London Consequences

London Consequences
Country United Kingdom
Language English
Genre Collaborative fiction
Publisher Greater London Arts Association for the Festivals of London 1972
Publication date
1 May 1972
Media type Print (Trade paperback)
Pages 157
ISBN 0950244708
OCLC 571259

London Consequences is a 1972 group novel written by twenty writers published for the Festivals of London that year.

Margaret Drabble and B. S. Johnson conceived and edited the novel. The editors wrote the first and last chapters together, gave the other novelists a brief outline of the two main characters. Each author would write his or her chapter, then pass the accumulating manuscript onto the next author.[1]

The interior chapters are by Rayner Heppenstall, Eva Figes, Gillian Freeman, Jane Gaskell, Wilson Harris, Olivia Manning, Adrian Mitchell, Paul Ableman, John Bowen, Melvyn Bragg, Vincent Brome, Peter Buckman, Alan Burns, Barry Cole, Julian Mitchell, Andrea Newman, Piers Paul Read and Stefan Themerson.

The book did not identify authors' individual contributions. The G.L.A.A. (Greater London Arts Association) offered a prize of £100 to anyone who correctly identified each chapter's author. Entry forms appeared at the back of the book. Readers had until 11 August 1972 to enter.[1]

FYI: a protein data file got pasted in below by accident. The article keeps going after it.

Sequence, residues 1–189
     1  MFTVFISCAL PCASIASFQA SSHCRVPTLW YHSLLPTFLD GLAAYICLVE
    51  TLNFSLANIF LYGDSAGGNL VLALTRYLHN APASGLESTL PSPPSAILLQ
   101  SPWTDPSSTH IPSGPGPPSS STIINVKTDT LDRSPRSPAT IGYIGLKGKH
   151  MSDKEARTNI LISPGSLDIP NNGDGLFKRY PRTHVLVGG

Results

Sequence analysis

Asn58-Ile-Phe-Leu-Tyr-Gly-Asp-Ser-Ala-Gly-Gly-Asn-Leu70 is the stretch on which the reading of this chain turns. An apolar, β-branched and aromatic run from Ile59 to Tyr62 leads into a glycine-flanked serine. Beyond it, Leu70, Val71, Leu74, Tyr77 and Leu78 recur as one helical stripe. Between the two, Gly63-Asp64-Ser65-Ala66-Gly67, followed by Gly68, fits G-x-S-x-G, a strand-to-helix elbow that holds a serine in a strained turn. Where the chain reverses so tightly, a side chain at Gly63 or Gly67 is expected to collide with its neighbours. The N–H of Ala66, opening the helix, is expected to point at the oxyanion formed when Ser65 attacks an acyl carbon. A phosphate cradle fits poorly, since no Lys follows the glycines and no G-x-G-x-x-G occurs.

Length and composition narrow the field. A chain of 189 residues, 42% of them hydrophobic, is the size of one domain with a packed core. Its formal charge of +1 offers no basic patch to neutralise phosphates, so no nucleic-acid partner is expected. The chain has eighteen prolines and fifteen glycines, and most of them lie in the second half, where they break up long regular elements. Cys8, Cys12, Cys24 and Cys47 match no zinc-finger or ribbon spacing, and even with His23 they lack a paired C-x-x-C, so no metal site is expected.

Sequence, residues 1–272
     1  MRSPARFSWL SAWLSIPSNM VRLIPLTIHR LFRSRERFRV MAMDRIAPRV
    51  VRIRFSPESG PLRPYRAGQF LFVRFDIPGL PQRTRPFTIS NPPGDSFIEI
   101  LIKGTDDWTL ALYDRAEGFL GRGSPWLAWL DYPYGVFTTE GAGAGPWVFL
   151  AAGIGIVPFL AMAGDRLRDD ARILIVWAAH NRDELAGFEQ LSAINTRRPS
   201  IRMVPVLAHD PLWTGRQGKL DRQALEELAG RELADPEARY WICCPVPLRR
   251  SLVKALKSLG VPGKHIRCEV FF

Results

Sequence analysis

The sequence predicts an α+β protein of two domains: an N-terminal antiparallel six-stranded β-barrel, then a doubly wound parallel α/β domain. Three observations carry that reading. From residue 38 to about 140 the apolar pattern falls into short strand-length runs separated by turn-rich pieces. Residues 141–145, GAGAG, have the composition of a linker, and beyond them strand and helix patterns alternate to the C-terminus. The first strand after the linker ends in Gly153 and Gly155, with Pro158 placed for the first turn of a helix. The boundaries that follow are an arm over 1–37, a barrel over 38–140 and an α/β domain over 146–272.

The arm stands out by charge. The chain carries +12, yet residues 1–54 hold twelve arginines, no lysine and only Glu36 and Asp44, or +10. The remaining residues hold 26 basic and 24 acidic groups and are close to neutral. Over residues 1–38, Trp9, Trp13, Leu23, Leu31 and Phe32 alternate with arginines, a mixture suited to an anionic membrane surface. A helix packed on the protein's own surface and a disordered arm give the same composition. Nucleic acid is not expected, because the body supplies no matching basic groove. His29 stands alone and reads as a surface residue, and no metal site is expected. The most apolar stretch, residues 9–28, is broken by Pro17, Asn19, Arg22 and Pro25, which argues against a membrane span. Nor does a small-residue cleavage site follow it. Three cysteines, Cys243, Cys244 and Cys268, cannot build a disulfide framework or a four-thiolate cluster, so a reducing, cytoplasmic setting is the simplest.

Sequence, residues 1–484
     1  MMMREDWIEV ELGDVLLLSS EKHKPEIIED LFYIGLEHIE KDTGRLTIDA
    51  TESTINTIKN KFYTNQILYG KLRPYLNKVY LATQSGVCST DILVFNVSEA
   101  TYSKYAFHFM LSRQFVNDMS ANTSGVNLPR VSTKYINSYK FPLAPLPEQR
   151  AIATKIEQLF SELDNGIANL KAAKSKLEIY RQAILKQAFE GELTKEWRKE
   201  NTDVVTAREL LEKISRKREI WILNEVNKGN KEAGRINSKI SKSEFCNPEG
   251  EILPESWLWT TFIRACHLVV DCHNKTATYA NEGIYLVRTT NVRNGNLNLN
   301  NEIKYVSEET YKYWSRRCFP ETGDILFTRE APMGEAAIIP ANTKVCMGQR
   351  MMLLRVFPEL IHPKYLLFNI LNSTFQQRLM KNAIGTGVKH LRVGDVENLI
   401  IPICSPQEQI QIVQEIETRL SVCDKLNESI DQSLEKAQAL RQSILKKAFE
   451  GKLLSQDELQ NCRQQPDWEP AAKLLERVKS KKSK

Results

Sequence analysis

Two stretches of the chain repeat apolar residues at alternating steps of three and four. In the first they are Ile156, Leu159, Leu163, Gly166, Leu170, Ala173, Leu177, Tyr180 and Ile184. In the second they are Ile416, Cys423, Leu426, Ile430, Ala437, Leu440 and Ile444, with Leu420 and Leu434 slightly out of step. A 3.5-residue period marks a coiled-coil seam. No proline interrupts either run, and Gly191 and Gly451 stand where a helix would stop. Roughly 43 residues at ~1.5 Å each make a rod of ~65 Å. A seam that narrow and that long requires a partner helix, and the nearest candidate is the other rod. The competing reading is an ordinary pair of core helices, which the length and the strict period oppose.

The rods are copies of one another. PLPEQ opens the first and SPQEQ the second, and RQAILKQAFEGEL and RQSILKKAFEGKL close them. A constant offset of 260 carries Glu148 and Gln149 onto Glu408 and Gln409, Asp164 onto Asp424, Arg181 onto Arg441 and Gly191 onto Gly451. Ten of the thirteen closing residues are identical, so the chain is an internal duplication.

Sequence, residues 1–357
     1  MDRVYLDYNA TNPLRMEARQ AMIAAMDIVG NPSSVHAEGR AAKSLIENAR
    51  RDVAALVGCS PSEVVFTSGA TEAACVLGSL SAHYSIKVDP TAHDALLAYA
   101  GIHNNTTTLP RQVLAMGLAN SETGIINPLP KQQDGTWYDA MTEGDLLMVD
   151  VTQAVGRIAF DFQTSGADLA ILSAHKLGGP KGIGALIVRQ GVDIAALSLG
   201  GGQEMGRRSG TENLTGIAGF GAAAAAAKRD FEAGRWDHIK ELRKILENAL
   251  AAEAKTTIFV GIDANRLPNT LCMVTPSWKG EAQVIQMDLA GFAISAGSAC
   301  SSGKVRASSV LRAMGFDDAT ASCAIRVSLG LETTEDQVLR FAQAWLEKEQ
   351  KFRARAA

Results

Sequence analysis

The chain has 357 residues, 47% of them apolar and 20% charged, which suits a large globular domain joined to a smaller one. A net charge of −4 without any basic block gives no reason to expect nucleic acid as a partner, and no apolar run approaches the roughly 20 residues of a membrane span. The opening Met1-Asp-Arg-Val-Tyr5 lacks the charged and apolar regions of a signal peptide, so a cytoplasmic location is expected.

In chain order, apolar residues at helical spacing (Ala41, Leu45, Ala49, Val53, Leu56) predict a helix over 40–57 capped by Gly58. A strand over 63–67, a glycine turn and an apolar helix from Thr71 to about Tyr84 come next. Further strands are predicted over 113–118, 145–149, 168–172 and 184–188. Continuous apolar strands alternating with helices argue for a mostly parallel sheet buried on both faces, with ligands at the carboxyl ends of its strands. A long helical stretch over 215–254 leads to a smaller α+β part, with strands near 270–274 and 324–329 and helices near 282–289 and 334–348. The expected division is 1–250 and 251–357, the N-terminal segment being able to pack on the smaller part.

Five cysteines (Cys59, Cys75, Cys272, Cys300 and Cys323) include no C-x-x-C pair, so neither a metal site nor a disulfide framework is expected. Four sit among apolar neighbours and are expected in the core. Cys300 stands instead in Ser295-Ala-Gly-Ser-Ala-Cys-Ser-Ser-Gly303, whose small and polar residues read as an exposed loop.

John Moynihan writing in The Sunday Telegraph, thought it a "harmless giggle". John Whitley writing in The Sunday Times said the novel had little merit, citing the poorly drawn characters whom he described as "cloudy menaces" and the book's numerous continuity errors.[2] Jim Hunter in The Listener complained that the chapters seem very alike, and little of the prose distinct but felt that "the book has its moments" and that "the amicable co-operation of even three, let alone 20 novelists has rarity value."[3] Valerie Grosvenor Myer writing for the Tribune complained that "ultimately such eccentricity and wilfulness break up the book. It also seems mean of the editors not to tell us what did happen to the character called Twomey, except that Anthony did not fulfil his vow to kill him."[4]


  1. 1 2 "Points from Publishers". The Bookseller. 22 April 1972. Issues 3458-3470. pg. 2020.
  2. "Critics Crowner". The Bookseller. 6 May 1972. Issues 3458-3470. pg. 2170.
  3. Hunter, Jim. "Pathetic Phalluses". The Listener; 4 May 1972; pg. 596.
  4. Grosvenor Myer, Valerie. "Novelists' fun". Tribune (London). 19 May 1972. Available online.
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